Things to consider for your disaster communications

  • Who declares the disaster?
  • How are employees informed?
  • How will you communicate with customers?

Once a plan is in place, it is important to monitor and test that it has been implemented effectively. A common failure with a company’s backup strategy occurs when companies fail to test their backups. Then, disaster strikes and only then do they discover they cannot restore their data. A disaster recovery plan should be tested regularly and updated as needed. Once a plan is developed, it doesn’t mean that it’s effective or set in stone.

Patch Management

Consider it an iron law; patch and update everything immediately following a release. As soon as patches/updates are released and tested, they should be applied for maximum protection. The vast majority of updates are security related and need to be kept up-to-date. Outdated technology–especially an operating system (OS)–is one of the most common weaknesses exploited in a cyberattack. Without updates, you leave browsers and other software open to ransomware and exploit kits. By staying on top of OS updates, you can prevent extremely costly cyberattacks. For example, in 2017 Windows 10 saw only 15% of total files deemed to be malware, while Windows 7 saw 63%. These figures and more can be found in Webroot’s 2018 Threat Report.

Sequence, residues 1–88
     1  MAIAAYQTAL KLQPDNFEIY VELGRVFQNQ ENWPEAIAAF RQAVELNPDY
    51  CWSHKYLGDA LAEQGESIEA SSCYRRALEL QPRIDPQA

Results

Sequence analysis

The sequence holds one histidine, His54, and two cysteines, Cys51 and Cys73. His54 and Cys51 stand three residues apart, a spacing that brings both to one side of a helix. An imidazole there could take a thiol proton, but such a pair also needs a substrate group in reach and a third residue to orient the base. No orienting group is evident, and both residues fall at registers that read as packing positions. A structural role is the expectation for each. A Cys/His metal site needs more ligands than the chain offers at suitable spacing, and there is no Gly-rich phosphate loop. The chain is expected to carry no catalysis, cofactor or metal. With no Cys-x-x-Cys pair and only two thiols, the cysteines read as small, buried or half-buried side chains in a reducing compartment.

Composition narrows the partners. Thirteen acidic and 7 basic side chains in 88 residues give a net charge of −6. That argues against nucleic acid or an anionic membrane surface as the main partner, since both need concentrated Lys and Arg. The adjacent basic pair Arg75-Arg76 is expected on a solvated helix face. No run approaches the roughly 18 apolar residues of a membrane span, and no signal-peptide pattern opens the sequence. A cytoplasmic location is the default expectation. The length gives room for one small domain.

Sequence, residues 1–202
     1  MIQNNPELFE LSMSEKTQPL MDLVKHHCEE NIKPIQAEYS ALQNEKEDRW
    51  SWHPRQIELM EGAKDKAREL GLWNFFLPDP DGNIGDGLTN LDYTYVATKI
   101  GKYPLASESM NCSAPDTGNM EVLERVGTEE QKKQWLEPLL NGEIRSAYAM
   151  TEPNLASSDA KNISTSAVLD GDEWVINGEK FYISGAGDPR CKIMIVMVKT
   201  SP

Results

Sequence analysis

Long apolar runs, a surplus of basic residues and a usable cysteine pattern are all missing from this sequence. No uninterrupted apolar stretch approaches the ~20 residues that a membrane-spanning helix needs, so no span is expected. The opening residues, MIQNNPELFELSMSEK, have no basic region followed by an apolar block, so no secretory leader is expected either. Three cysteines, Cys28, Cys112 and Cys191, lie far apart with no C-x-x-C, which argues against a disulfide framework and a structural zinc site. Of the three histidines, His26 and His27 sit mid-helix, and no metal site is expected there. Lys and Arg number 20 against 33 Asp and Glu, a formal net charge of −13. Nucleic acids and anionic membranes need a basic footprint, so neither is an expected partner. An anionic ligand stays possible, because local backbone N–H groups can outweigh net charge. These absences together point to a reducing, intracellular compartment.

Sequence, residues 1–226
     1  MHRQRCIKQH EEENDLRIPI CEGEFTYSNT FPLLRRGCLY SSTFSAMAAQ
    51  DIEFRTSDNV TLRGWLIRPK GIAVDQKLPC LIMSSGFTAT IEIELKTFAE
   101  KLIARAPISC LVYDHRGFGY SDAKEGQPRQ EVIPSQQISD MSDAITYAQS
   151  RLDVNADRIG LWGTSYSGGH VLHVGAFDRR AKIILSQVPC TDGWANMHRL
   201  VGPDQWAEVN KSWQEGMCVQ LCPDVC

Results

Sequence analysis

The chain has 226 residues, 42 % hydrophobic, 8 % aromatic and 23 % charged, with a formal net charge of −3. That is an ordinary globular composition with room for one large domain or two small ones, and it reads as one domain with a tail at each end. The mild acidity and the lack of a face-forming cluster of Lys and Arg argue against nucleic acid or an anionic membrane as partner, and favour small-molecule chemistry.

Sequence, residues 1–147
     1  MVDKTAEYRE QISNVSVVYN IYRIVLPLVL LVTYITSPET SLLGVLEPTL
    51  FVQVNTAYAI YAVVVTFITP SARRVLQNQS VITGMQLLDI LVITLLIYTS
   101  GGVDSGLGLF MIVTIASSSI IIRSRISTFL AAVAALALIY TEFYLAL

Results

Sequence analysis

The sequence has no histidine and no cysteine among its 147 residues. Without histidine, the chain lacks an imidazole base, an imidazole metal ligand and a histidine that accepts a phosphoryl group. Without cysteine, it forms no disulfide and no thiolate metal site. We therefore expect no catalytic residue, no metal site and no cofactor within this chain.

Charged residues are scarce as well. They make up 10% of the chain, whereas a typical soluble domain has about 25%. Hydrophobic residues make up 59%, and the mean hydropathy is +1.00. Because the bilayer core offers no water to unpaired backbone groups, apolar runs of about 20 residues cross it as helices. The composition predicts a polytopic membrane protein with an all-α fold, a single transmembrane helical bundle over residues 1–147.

Patching Process

Patching is a never-ending cycle, and it’s good practice to audit your existing environment by creating a complete inventory of all production systems used. Remember to standardize systems to use the same operating systems and application software. This makes the patching process easier. Additionally, assess vulnerabilities against inventory/control lists by separating the vulnerabilities that affect your systems from those that don’t. This will make it easier for your business to classify and prioritize vulnerabilities, as each risk should be assessed by the likelihood of the threat occurring, the level of vulnerability, and the cost of recovery. Once it’s determined which vulnerabilities are of the highest importance, develop and test the patch. The patch should then deploy without disrupting uptime—an automated patch system can help with the process.